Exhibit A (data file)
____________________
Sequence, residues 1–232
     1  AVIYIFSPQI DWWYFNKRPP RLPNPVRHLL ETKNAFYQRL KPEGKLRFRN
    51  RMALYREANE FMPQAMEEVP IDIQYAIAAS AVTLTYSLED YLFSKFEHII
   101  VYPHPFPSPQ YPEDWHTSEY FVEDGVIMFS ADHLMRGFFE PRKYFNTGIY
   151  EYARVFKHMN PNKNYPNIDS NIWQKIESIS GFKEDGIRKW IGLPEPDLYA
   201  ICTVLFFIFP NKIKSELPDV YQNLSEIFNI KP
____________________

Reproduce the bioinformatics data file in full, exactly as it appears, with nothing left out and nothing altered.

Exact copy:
Sequence, residues 1–232
     1  AVIYIFSPQI DWWYFNKRPP RLPNPVRHLL ETKNAFYQRL KPEGKLRFRN
    51  RMALYREANE FMPQAMEEVP IDIQYAIAAS AVTLTYSLED YLFSKFEHII
   101  VYPHPFPSPQ YPEDWHTSEY FVEDGVIMFS ADHLMRGFFE PRKYFNTGIY
   151  EYARVFKHMN PNKNYPNIDS NIWQKIESIS GFKEDGIRKW IGLPEPDLYA
   201  ICTVLFFIFP NKIKSELPDV YQNLSEIFNI KP